Labels are funny things. Sometimes they are simply name tags, conveying no image in particular. Generation X comes to mind. Anyone who says “Generation X” or writes “Gen X” is forced to explain exactly who they mean and what characteristics they think they have.
Other labels convey a picture so complete, vivid and detailed that they cannot be used without having to explain what part of the picture we don’t mean. The Sixties come to mind. Once I say I am a Child of the Sixties, graphic pictures replete with flower children, Woodstock and anti-war demonstrations automatically flash across the mind.
Actually, I was never a flower child, missed Woodstock and saw the anti-war demonstrations the way the rest of America did, on TV. Instead, I was a fairly nerdy (a term not then in common use) kid so absorbed, as most of us were, in day to day living that the stuff that the history books are full of today was just on the periphery of my awareness, important but not really central. It is one of the ironies that history likes to inflict on us that that peripheral stuff is now treated as the main events of the times, while the central places where we really lived have been demoted to become the margins.
Still, I call myself a Child of the Sixties, and so I am. But to be a child of the Sixties, you had to grow up in the Fifties. That was where we learned how John Wayne won World War II, how nice girls didn’t and all about the horrors lurking for our innocence in something called “Reefer Madness.” Also, we learned to “Duck And Cover” under our school desks for a nuclear attack.
Then came the Sixties, adolescence and changes. I registered for the draft in 1964. The pill appeared the year I went off to college and sex migrated from a distant (married) dream to a probable reality to an expectation. I was a physics major, but I hung out with the theatre crowd, from whom I learned about Sgt. Pepper, the Doors and marijuana.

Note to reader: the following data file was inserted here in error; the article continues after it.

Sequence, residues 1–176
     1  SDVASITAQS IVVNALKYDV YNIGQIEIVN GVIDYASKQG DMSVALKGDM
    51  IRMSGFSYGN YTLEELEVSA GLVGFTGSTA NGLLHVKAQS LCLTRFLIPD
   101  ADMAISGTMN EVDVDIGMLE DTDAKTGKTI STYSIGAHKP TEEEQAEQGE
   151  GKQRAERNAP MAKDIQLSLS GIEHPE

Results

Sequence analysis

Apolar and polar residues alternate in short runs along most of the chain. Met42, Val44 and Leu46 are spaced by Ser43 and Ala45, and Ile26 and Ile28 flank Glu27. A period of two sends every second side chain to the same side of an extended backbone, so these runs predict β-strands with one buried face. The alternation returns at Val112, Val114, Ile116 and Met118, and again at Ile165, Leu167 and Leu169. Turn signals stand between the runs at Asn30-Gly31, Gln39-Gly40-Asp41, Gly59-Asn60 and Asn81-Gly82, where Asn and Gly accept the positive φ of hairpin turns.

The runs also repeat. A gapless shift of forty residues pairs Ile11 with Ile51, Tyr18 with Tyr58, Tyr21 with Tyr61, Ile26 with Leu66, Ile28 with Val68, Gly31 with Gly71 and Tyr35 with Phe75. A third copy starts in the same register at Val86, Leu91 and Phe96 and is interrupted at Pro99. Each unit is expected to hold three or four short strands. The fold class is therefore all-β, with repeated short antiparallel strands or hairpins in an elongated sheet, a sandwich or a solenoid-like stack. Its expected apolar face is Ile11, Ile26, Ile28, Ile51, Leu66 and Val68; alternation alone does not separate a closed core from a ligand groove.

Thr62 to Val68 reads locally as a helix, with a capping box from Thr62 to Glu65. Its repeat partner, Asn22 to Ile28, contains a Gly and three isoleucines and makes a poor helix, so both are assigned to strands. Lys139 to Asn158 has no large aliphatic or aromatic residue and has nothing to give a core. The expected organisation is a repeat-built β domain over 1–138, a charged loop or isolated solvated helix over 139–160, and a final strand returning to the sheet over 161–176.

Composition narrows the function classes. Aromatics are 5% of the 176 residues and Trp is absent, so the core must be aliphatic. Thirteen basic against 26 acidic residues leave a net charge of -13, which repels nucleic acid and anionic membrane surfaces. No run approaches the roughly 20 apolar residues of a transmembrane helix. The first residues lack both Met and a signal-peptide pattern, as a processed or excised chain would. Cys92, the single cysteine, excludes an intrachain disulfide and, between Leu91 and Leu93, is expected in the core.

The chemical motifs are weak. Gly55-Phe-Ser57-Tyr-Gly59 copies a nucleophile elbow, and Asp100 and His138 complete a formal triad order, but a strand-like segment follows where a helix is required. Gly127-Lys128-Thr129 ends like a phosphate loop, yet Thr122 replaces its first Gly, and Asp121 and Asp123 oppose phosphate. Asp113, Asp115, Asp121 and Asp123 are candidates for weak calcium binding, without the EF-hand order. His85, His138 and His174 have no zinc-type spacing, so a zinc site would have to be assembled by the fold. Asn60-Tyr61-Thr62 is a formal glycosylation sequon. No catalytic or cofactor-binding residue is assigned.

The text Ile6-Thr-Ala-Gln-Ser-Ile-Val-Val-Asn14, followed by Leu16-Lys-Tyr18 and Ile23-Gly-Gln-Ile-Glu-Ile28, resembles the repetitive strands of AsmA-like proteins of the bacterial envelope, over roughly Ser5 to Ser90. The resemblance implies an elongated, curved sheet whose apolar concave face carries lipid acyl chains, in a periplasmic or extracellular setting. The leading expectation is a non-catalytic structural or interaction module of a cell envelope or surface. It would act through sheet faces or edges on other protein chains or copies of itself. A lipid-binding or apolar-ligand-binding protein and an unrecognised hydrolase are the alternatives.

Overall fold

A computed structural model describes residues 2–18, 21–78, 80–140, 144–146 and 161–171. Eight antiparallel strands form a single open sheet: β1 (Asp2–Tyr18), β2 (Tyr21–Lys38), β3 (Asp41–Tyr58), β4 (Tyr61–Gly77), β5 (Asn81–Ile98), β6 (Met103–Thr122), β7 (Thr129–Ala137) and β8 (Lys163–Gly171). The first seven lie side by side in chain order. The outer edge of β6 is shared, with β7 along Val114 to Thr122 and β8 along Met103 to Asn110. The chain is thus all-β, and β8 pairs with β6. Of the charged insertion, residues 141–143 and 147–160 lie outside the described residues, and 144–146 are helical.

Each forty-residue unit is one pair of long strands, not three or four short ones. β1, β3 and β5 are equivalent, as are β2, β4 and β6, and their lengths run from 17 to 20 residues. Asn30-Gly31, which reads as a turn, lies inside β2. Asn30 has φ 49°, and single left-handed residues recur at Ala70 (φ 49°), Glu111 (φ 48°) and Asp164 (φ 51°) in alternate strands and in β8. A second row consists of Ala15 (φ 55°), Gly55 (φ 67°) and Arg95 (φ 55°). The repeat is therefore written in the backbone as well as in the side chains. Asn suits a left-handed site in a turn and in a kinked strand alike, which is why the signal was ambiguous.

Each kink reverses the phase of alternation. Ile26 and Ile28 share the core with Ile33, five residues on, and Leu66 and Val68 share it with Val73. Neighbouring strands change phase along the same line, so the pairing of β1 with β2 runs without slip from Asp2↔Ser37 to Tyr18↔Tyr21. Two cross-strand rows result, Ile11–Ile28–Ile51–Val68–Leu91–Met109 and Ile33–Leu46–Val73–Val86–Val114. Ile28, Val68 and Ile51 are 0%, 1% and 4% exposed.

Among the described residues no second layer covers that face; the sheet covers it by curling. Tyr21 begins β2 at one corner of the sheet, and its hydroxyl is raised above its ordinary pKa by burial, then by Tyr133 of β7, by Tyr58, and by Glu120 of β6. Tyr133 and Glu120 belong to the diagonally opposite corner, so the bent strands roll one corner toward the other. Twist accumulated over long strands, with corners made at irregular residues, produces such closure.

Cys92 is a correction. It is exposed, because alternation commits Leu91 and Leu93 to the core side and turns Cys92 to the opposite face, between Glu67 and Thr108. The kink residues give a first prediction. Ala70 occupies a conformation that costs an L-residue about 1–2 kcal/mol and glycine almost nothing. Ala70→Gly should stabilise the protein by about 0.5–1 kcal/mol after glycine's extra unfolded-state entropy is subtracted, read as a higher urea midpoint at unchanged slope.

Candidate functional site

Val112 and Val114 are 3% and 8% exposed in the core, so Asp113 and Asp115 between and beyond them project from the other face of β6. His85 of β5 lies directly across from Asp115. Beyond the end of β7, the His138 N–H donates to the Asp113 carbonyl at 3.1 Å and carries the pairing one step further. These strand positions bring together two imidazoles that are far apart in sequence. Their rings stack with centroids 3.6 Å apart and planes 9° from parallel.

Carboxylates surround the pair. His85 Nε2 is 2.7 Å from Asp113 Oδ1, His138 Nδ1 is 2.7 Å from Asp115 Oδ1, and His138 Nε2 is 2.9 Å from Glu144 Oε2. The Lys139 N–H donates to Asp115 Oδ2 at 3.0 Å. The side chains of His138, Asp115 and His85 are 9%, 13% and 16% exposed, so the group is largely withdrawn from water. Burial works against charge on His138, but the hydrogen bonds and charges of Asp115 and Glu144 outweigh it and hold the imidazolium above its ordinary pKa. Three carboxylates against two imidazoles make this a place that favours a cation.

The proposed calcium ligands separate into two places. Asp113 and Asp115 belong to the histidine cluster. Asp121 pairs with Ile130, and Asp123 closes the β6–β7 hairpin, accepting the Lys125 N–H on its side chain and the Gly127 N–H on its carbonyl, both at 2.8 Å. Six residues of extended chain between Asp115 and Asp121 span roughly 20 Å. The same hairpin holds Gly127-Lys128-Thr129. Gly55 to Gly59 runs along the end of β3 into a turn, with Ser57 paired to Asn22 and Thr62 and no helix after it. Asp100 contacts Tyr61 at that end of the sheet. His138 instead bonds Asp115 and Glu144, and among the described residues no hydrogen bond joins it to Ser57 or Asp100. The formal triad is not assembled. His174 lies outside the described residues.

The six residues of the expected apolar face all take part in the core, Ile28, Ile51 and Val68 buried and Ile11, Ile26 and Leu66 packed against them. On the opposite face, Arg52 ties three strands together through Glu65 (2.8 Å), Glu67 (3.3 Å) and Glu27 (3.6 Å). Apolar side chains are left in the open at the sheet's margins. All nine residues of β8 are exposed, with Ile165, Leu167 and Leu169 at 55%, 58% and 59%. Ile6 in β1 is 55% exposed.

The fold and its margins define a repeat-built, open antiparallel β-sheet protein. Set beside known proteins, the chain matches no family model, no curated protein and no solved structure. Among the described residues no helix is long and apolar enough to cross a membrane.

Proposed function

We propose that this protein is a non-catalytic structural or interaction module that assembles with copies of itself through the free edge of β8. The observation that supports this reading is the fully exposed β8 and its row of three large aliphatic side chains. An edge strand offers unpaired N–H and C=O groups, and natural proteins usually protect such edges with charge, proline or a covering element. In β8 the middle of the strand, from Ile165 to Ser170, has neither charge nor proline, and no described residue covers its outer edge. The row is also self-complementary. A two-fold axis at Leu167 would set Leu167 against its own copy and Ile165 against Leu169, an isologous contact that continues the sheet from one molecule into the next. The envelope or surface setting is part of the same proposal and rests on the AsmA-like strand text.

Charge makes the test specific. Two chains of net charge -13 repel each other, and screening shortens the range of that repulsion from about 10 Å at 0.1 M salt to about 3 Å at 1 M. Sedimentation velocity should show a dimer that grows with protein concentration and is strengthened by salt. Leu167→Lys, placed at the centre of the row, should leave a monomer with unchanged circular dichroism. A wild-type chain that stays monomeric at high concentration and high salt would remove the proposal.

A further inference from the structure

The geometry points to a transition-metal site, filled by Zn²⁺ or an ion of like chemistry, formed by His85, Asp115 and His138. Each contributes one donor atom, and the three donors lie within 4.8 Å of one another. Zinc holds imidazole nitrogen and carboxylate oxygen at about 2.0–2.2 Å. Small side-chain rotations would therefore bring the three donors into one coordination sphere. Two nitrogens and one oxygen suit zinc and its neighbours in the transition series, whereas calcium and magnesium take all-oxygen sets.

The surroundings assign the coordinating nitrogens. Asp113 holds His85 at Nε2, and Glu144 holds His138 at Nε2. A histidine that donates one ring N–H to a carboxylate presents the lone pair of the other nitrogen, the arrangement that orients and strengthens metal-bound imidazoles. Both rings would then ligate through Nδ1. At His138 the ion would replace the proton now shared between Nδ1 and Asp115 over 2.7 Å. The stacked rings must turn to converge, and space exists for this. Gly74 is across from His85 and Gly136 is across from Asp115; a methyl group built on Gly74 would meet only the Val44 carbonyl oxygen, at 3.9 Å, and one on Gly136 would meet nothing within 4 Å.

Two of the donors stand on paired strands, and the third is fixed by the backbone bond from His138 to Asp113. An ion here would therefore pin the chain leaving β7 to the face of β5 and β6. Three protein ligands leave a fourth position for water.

If there was a checklist of items that could qualify you as a Child of the Sixties, I think I would be entitled to quite a few. However, if one were to look closely, to really check out my bona fides, a glaring exception would be revealed: I failed one of the central rites of passage of the era.
In all that glorious decade, I never managed to meditate — transcendentally or otherwise.
Let me hasten to add that while I do carry this mark of shame, it is not because I was unaware of all of the Om Mane Padme Oming going on around me. Nor was it due to some scientific skepticism about all of the mystical importations that flooded our time.
The truth is that I tried…and failed. I tried over and over again…and failed. I worked for and waited for that gradual quieting of the clamor of conscious thought that was the hallmark of true meditation. And waited…and waited.
Nothing worked. No matter what I did, the thoughts just kept whirring along, as noisily as ever.
At first, my theatre buddies were only too happy to offer their expertise. I could tell that they thought that I was simply too out of touch with myself to really let go and find my true center. With their superior help (and good grass) they knew they would be able to lead me to the promised land.
After a while though, repeated failures began to have a different affect. My hippiest friends began to sort of look at me strangely. I seemed to sense a withdrawal.
They had been willing to ignore my lack of long hair. (It was not a good time for those of us with fine hair. My attempts to grow it long left me looking like a wet Afghan.). My lack of paisleys, bell bottoms, et al they had ascribed either to poverty or cheapness. After all, I smoked grass and was living with a girl. I had to be O.K.
But now they began to wonder. Perhaps the problem was that, despite all indications to the contrary, I was, deep down inside, really…straight.
As I said, labels are funny things. At that time there was no darker, more damning, more beyond any hope of redemption designation we could bestow.
Thankfully, the dread word was not spoken aloud. But as the years passed, it stood like a specter, haunting its own corner of my self-doubts.
Sometimes cures are funny things, too. Many years later a girlfriend of mine was able to diagnose the problem (and render it painless). Although besotted, she too, was bothered by the fact that the mental engine never shut down, no matter what she did.
Finally, in one of the most backhanded compliments I have ever received, she said, “You’re just about perfect. God just forgot to give you an OFF button.”